Here on the studio end of Needle ‘n Thread, we’re gearing up for our first summer in our new (very old) building. While the first half of 2023 has proven to be a wild adventure involving much upheaval on every level, I’m really hoping the summer settles into a quiet, focused, productive era!
Here’s some fabulous news: I’ve expanded our staff! We have part-time morning help for the summer! Christine – a young lady who participated in my kids’ classes years ago when she was just a wee thing – is a teacher with some summer time off and she was looking for part time work. She’ll be a great fit here! This means we can catch up from the frenzy of the first half of the year. It means we can actually get kits assembled and out in a timely manner for the next Stitch Snippet! It means we can restock on ready-to-stitch items – and bring out two new summer sets (remember that camper?!). And it means that we can finally bring a pet project of mine to fruition!
Am I excited? You bet!
Frankly, I’m excited that we’re at the point where we can offer some employment to locals who are looking for flexible part time work. It’s so important in small rural communities that there are job opportunities! And I hope that Needle ‘n Thread continues to grow enough to be a viable part our our community in that way.
Anyway, my pet project! It has to do with thread, of all things! Surprising, isn’t it?
Guess what thread?
Yes, yes, it’s floche.
I know, I know! I’ve been pushing floche quite a lot lately!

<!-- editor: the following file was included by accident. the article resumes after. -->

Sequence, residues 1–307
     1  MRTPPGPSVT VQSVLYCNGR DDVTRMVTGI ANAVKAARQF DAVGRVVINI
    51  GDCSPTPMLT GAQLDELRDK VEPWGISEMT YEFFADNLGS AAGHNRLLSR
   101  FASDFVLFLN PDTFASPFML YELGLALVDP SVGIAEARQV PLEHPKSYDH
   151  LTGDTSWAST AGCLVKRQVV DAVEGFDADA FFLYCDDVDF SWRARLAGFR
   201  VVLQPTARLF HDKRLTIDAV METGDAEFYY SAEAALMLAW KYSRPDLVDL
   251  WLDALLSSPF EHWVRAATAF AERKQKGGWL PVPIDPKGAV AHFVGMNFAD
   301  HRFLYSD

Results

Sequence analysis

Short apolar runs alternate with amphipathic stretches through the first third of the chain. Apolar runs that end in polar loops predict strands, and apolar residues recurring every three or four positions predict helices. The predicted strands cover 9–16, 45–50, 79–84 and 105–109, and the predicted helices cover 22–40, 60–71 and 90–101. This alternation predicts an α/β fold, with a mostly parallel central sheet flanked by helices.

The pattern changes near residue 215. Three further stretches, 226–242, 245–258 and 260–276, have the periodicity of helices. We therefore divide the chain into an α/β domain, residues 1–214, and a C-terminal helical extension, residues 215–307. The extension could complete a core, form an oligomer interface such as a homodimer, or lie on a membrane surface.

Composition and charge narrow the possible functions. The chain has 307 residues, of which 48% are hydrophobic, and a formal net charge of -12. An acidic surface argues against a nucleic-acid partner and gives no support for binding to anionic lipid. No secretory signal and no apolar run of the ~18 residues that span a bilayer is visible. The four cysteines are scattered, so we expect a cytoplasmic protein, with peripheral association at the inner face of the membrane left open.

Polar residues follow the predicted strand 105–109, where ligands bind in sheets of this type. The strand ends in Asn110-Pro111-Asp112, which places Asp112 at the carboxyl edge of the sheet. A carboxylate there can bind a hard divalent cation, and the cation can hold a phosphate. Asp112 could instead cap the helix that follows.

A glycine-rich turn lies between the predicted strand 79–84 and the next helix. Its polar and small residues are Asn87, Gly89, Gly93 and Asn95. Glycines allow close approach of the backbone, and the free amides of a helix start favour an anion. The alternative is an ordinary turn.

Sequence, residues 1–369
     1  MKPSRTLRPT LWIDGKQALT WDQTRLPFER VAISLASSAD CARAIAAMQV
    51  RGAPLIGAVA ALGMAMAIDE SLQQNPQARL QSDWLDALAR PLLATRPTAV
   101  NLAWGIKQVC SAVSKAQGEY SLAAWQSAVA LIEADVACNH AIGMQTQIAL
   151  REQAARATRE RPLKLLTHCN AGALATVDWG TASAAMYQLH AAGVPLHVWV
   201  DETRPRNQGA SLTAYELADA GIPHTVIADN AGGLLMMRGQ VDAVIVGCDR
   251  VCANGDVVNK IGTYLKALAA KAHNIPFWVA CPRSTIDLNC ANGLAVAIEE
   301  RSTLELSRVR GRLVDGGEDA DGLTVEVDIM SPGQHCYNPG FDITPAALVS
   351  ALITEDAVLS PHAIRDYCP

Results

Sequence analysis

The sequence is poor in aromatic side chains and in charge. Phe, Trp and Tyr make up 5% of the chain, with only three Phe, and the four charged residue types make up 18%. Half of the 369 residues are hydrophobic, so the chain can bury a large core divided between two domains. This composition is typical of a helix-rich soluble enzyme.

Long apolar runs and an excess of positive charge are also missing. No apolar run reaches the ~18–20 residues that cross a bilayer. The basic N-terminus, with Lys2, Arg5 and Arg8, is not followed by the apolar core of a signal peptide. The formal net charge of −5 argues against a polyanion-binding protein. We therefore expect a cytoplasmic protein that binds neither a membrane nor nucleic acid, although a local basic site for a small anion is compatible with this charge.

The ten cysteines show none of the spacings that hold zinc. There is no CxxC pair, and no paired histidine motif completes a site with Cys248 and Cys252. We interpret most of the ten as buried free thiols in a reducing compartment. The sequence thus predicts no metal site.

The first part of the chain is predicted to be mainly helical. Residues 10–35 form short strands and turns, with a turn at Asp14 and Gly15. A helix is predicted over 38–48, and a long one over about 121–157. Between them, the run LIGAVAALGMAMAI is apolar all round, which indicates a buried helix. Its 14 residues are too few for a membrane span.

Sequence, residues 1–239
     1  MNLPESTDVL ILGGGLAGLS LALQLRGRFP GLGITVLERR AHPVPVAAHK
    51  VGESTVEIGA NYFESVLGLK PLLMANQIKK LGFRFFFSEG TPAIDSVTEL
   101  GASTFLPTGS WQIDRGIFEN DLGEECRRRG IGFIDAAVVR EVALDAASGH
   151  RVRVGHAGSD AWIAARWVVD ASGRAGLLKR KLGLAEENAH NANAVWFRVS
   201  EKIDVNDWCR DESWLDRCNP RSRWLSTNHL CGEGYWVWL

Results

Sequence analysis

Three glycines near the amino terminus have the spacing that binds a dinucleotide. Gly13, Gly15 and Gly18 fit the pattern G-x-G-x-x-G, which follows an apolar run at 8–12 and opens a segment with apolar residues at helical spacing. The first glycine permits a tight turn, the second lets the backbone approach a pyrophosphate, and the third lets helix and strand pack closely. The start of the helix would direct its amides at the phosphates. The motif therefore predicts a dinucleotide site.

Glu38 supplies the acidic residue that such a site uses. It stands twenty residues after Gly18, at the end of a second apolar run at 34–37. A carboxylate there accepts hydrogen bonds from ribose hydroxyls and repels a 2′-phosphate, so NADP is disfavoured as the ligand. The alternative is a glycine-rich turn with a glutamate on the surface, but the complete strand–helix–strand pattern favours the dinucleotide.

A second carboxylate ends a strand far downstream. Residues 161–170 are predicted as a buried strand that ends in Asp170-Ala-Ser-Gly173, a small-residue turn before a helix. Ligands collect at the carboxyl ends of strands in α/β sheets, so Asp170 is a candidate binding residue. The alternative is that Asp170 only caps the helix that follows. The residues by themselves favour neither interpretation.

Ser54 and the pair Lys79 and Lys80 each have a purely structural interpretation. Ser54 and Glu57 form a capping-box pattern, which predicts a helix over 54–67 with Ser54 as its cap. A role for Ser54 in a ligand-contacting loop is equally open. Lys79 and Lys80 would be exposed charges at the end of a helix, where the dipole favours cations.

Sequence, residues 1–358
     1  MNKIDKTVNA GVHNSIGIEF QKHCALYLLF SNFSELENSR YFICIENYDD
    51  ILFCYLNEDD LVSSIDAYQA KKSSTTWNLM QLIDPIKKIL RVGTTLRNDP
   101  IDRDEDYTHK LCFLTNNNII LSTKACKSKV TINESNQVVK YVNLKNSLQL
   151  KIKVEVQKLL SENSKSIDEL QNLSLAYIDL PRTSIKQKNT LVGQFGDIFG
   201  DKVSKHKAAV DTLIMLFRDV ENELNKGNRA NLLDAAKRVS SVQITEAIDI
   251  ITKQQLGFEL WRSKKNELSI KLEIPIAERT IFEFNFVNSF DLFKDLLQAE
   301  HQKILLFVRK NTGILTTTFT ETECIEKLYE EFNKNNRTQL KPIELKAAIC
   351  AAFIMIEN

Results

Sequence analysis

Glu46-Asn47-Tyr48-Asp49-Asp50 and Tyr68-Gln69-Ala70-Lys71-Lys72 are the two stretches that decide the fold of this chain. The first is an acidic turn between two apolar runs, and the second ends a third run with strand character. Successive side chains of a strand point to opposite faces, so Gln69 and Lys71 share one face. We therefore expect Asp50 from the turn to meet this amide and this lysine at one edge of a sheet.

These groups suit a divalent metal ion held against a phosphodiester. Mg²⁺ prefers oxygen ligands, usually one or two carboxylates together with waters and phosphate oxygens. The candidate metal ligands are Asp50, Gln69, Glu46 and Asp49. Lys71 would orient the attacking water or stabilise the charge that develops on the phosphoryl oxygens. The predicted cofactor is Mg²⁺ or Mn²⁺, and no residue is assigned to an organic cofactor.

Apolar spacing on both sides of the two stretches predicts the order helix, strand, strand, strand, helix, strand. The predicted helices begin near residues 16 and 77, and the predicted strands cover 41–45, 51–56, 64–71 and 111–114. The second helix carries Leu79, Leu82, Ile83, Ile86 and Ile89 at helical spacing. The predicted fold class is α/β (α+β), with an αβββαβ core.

I have thoughts about floche, you see.
When I was in my early years of college – that would be the first part of the 1990’s – I was introduced to floche by my sister, who was working on a small floral sampler as part of a class from Julia Golson.
That was around the time that Inspirations magazine first launched, and around the time that the former Country Bumpkin also had a smocking and embroidery magazine – AS&E (Australian Smocking & Embroidery). My sister was into heirloom clothing, smocking, and the like. She had both magazines at her house all the time. Floche was a big player in heirloom sewing and smocking (it still is), and so she used it frequently.
So I fell in love with floche!
Unfortunately, though, floche isn’t what we’d call a “common” embroidery thread. It’s not like stranded cotton or even crewel wool, which have been much more common threads on the market in the US for the past five or more decades – although I’m happy to see that floche is becoming more well-known lately.
Floche is made in France by DMC, but it is only distributed by one company here in the US, since it’s here in the US that there’s a larger market for the thread. So, if I understand it correctly, if people want floche, they have to get it through the distributor in the US. And while some shops might carry a little bit of floche, there aren’t that many shops that carry the whole range.
It’s true that floche has what might be considered a couple small drawbacks.
For one thing, it comes in Massive hanks of 150 yards of thread, and those hanks come with the corresponding price tag for that much thread. This makes it difficult for folks to acquire the whole color range of floche. It’s not a huge range of colors (under 100), but still, when you’re buying very large hanks, it can be expensive to acquire the entire color range.
For another, those massive hanks are not so easy to manage. If you’re not used to them and you don’t have a management system for them, they easily fall into disarray, which can lead to frustration and ultimately to waste.
My love for floche has increased over the years, and I’ve developed this obsessive idea that if we don’t start really using the thread a lot, it may just slip into the ether, never to be heard of again. I have a real fear of that.
That’s why I started adding projects with floche to Needle ‘n Thread – to introduce other embroidery enthusiasts who may never have heard of it to the joy of stitching with floche! Hence, Key to My Heart – a floral heart project entirely worked in floche. Hence, the variety of monograms over the years, worked in floche. Hence, some ecclesiastical embroidery in floche.